By Gerald McLean
“I make a habit of turning my phone on aircraft mode, or not answering it. It’s my quiet time, even though it’s as noisy as hell. It’s so noisy it’s quiet; you know what I mean? I walk over here at least 10 times a week, it takes me 175 strides if I’m not in a hurry, or lost in thought, or 145 end to end when I’m in a hurry or training, normally in the morning when I’m going to work, it’s quite empty then, but never really quiet.
The old building where Big Ben is, the Palace of Westminster burnt down. This lot was built over 30 years, 1840-1870. It’s Gothic, that’s when we built things to last. Not like this s**t these days. Don’t get me wrong, some are good to look at, but you know they’re not going to last. These new guys aren’t going to be remembered in hundreds of years from now. If I were a builder I’d build in stone.
Yeah, I’ve learnt a lot about this bridge, I feel it belongs to me; I take every opportunity to walk it. It reminds me of my birthright; the efforts and achievement of the father. A-fe mi dis(this is mine).
You see, given England’s main income at that time, you don’t have to be an academic to figure out where the capital resource come from to make it. In fact, everything I look upon a-fe mi (is mine). After all, like Bob Marley’s song, ‘Buffalo Soldier’ goes; ‘if you know your history, you wouldn’t have to ask me, who the hell do I think I am’; but there’s always more than one story. I read that in 1663 the first reports of the English trying to control the Maroons of Jamaica were recorded. They were described as living a carefree life and killed every white they came across. We’ve talked about this before. It’s always prudent to seek out what others don’t want to publicize, if not, you’ll end up with a single story, and that’s never a good thing. That’s when the truth becomes a false story, or His-Story.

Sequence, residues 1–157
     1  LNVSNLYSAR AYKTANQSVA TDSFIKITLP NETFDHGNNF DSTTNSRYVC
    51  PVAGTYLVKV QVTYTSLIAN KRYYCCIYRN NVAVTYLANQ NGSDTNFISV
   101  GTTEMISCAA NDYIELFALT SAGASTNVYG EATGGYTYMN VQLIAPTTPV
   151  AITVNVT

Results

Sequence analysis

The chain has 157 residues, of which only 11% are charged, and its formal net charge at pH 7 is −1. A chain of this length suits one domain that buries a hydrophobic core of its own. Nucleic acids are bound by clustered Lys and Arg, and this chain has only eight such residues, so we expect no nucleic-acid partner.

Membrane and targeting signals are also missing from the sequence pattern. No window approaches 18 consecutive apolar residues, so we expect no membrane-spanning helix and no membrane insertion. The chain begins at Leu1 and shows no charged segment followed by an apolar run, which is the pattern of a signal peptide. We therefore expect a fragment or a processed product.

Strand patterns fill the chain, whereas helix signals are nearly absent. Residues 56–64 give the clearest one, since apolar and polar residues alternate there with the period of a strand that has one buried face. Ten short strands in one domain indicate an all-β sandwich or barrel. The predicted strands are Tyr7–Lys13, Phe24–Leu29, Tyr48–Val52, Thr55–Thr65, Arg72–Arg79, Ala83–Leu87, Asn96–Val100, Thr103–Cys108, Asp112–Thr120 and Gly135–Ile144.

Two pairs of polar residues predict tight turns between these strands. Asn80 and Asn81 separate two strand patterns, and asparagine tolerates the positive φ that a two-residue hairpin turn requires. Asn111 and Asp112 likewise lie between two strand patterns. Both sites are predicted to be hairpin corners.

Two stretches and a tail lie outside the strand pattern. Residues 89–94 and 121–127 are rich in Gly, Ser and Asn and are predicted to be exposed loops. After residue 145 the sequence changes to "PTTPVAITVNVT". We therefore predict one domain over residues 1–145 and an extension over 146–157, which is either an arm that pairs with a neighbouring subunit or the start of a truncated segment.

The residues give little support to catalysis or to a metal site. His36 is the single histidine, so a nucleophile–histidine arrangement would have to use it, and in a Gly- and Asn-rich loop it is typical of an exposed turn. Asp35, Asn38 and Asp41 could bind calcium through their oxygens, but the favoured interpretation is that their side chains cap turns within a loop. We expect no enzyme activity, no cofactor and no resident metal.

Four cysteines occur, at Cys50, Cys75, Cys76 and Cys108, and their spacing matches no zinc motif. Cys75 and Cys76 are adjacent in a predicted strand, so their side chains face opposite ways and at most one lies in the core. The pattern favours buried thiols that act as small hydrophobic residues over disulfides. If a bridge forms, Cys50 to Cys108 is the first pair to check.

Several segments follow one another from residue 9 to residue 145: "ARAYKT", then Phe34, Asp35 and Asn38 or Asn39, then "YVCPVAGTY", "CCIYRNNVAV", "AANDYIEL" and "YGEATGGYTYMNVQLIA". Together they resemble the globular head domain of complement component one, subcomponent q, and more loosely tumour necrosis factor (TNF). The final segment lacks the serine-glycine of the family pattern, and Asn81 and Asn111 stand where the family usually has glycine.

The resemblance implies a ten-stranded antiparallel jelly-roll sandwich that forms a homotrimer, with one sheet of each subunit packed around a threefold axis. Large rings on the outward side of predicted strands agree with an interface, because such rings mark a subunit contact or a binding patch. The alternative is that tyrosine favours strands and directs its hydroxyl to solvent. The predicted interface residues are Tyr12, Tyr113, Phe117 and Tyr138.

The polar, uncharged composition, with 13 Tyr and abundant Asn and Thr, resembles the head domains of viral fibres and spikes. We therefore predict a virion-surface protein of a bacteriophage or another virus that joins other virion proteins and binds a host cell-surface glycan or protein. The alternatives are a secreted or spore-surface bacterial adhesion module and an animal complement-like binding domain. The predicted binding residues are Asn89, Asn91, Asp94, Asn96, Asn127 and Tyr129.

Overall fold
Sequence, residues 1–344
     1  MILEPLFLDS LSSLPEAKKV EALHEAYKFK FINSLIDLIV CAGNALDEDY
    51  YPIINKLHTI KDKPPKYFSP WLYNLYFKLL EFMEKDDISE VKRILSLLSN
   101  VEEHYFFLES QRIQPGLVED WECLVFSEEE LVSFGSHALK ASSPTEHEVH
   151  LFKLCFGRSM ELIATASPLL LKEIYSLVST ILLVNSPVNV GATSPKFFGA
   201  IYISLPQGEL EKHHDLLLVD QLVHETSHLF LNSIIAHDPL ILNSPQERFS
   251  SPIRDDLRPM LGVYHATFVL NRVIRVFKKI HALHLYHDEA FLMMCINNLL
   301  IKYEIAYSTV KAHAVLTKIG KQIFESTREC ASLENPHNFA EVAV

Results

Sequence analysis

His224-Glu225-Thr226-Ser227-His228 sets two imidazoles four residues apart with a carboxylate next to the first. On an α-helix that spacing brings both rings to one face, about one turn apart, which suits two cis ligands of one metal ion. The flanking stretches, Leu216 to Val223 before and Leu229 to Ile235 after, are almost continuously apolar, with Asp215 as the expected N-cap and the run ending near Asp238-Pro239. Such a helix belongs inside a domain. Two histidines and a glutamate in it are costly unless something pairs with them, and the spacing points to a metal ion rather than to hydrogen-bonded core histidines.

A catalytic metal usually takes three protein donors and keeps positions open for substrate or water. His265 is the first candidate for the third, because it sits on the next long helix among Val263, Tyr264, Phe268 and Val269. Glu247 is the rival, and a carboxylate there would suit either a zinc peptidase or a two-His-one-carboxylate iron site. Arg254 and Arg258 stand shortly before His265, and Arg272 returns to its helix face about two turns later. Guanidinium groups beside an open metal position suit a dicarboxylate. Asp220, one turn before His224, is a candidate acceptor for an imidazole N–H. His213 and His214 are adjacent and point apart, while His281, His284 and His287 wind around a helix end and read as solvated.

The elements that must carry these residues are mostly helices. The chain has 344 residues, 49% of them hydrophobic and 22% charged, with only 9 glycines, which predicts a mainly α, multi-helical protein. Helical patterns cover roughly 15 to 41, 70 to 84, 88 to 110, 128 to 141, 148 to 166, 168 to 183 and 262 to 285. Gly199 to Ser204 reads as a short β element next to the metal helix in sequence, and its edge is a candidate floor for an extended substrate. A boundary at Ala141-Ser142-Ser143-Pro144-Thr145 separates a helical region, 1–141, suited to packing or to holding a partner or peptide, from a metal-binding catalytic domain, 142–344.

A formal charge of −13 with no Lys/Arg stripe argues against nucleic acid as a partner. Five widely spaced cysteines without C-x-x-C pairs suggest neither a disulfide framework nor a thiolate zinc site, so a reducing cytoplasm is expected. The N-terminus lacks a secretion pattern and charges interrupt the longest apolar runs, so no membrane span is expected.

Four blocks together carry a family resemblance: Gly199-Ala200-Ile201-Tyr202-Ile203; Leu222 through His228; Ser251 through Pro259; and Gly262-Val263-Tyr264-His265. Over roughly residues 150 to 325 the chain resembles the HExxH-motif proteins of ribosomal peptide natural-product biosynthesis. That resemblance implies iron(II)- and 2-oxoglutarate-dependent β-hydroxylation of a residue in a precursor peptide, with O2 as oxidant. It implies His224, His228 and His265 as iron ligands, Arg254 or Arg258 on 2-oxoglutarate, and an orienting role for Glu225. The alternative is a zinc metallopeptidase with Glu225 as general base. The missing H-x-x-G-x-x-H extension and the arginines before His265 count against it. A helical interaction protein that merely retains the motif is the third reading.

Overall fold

Yeah, I’m real proud of this bridge of mine. It was designed by a foreigner, you know, some Swiss guy, another migrant, Charles something. In fact, like most capitals around the world, they’re all designed and built by migrants, from London to Sidney. I don’t think people fully get that. If new people no come yah, we gwan end up inna problem. Still, I get why we want to take back control, but then who is really in control? These are the sorts of things I think about, along with looking at the pretty girls. When you cross this bridge, no matter what time of year or day, you see people from all over the world. That’s the thing I like about London, everybody mix-up. It stops trouble, don’t you think? I don’t like it when people segregate themselves. That’s when problems start, when things get bad. Yeah, I like to walk cross this bridge, it makes me think, and it helps me to sort things out. It helps me to escape, frees and grows my mind”.